Suricata Config Advice for Multi VPN

  • I watched the video from Lawrence Systems re configuring Suricata.

    In the video he recommends not setting configuring to use it on the WAN ports because of the noise generated and the default blocking that exists anyway.

    In my config, my pfsense is connected to a cable modem (used in a router config with internal 192.x).
    I have two VPN redundant connections out from the pfsense.

    I previously used snort on configured on the WAN and VPN connections (but not on the LAN/VLANs) and saw lots of blocking. Particularly from the internal network of the VPN provider, but also from the 192 modem and 192 pfsense addresses.

    Recently, i tried to config auto-dos on my netgear switches, but they keep shutting ports down connected to the wifi access points and my linux box. I had to disable this to remain functional.

    I am out the point to install Suricata with the objective to try and stop/find what is causing the auto-dos ports disablement and will add the LAN/VLANs.

    My question is;
    in view of the recommendation from lawrence,
    if i do not add the WAN interface, should i still add the OpenVPN interface, or treat that like the WAN and not include as well?


  • @daddygo thanks for that, i will follow that, but i am still unclear about how to handle the OpenVPN client connections to my provider.

    The WAN interface has the Block Bogon & Private Networks enabled.

    1. The VPN interface does not have Block Bogin & Private Networks enabled (should i have it enabled?)

    2. should enable suricate on the VPN interface (depending on answer to 1 - i guess)

  • @gwaitsi

    Let's look at the answers in a row:

    Okay then you already understand that using WAN IPS is unnecessary in terms of IDS test maybe if you are a developer and you are looking at internet noise, etc.

    @gwaitsi "The WAN interface has the Block Bogon & Private Networks enabled."
    that's okay - Since this is the WAN interface, I think you also connect to the VPN provider through this

    The VPN (client) interface is NOT a WAN interface - it is best to use it as a gateway (GW)...
    in this case, you can "route" anything through it

    in my example:

    • I have an internal interface configured just for things going through the VPN (VPNPT) - GW ExpVPN interface (client)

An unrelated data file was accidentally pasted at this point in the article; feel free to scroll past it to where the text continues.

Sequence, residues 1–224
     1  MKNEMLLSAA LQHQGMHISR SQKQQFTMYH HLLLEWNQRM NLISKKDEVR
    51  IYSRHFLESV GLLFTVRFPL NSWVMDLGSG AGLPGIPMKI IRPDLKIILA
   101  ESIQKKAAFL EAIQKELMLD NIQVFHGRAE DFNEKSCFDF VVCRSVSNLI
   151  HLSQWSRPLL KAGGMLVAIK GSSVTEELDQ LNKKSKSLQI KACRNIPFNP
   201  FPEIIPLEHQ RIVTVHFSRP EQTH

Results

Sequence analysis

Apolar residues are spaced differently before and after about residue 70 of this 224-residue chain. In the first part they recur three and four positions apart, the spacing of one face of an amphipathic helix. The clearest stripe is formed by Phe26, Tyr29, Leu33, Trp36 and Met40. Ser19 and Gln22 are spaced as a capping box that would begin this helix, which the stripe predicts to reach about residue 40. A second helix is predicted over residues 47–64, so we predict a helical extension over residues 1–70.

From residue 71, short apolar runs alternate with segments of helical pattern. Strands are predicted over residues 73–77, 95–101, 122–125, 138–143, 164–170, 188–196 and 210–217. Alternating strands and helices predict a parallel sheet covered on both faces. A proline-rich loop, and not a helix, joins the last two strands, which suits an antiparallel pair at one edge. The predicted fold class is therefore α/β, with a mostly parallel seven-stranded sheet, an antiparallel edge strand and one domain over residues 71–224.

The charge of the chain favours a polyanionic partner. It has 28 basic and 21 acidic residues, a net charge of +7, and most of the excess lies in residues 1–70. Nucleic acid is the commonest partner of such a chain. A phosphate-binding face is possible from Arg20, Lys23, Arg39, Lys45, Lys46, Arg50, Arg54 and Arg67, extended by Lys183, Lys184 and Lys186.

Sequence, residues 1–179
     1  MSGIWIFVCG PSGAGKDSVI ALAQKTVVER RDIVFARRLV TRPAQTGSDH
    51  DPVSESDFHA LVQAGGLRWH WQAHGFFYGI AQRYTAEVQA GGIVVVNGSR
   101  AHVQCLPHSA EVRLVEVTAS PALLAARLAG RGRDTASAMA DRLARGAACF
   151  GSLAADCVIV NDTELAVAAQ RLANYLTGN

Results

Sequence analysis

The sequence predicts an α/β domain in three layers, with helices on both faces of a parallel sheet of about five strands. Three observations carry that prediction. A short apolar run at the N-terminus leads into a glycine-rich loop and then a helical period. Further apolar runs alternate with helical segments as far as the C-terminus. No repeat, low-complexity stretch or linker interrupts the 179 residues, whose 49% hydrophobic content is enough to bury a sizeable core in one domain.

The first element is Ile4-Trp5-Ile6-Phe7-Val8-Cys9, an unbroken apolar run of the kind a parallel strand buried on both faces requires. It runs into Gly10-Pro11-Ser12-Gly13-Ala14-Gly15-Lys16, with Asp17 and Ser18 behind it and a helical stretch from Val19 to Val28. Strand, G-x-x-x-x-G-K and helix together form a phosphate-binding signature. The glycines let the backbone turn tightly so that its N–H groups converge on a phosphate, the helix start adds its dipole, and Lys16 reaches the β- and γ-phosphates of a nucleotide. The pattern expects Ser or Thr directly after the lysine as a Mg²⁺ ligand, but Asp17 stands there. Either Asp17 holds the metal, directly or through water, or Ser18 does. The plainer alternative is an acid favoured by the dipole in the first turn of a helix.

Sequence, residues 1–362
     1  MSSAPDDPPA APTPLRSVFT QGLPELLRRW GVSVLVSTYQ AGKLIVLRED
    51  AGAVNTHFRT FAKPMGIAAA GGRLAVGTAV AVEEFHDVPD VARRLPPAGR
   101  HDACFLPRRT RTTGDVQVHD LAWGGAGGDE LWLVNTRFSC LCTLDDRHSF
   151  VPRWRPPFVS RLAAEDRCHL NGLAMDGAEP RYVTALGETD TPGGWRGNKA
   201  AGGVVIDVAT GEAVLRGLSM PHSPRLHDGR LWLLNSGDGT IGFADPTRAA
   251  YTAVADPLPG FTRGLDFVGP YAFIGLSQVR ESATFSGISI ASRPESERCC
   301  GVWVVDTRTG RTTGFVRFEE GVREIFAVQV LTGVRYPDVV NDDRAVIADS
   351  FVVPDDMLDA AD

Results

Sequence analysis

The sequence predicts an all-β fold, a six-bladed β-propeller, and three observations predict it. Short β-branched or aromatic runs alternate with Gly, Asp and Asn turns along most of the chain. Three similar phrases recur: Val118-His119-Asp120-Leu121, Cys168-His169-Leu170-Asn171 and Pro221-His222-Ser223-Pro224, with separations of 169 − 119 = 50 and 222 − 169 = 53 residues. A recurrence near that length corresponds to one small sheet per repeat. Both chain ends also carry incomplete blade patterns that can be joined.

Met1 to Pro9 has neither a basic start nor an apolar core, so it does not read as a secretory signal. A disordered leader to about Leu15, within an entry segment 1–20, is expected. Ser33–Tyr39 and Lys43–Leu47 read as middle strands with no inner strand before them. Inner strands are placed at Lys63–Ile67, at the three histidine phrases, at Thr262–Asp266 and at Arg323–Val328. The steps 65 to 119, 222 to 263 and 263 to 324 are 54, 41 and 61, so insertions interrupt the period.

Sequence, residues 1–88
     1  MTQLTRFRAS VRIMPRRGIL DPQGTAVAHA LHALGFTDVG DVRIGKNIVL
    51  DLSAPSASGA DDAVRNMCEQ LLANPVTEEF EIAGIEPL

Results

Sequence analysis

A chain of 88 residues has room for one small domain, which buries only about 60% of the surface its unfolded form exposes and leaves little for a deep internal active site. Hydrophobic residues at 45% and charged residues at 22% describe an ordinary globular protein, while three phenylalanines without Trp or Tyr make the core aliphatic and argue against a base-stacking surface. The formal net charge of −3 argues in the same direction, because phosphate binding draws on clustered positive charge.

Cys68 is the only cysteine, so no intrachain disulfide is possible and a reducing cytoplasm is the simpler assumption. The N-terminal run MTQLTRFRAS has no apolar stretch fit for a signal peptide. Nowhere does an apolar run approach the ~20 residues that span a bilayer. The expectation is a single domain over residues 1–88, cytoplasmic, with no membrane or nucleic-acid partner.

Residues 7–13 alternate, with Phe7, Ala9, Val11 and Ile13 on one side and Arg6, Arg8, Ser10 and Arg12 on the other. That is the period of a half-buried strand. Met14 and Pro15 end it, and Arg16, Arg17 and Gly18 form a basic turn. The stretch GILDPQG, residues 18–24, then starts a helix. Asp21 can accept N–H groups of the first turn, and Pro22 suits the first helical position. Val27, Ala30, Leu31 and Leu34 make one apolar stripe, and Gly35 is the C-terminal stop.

-I have an internal interface configured for things without VPN (LAN95), its gateway to the WAN DHCP to ISP

    -The original (LAN) interface is for internal management purposes only, on this I configure pfSense or with Remote OpenVPN (this is important)

    I show PRTSCs:





    and the Suricata:


    with this, Suricata examine all traffic which passing through the VPNPT physical interface, regardless of what the upstream GW (ISP or VPN) is

  • @daddygo thanks, super example - i'm also using Express ;-)

    Only difference is, i route all traffic over the VPN and bypass by exception and i have enabled block bogons on the VPN.

    So, now i just need to tune for a week or so and then switch on blocking.

    last question if i may.

    my cable modem has the option to switch from "routing" to "modem" state.
    In either case, devices connected to the 4 LAN ports work.

    In modem state, they obtain and address from the ISP. 17x.
    In router state, they obtain a 192.x address.

    I tried switch to modem state, but then had no internet from pfsense.
    I will connect a 2nd ISP to the pfsense.

    Is it better to connect both in modem state, or using the routing state?

  • @gwaitsi said in Suricata Config Advice for Multi VPN:

    my cable modem has the option to switch from "routing" to "modem" state.

    I strongly recommend the modem mode (alias bridge), then you can avoid the double NAT problem

    see your ISP's description for what to use on your WAN in "bridge" mode
    usually it is DHCP

    however, after switching to bridge mode, unplug your (from eletricity - power cycle) ISP CPE for a 30-minute period, this will help

    @gwaitsi "by exception and i have enabled block bogons on the VPN."
    this is completely unnecessary and can cause problems as it has already happened on the WAN interface
    the top upstream is the WAN

    you can see that the VPN IP on the pfSense is an internal range (private) - RFC1918 10.x.y.z

  • @daddygo awesome. thanks for the advice. will try switching to bridge again tonight.

  • @daddygo FYI

    • i created an interface for the LAN and all my VLANs.
    • I noticed all the alerts appear on both the VLAN and the LAN interfaces,
      so it looks like it is not necessary to have one for the VLANs.

    I disabled a couple of the VLANs and i see the alerts for their dst IPs is being caught in the LAN (Lagg interface to he main switch)

  • @gwaitsi said in Suricata Config Advice for Multi VPN:

    I noticed all the alerts appear on both the VLAN and the LAN interfaces,

    this of course works like,.... because the parent interface is the LAN 😉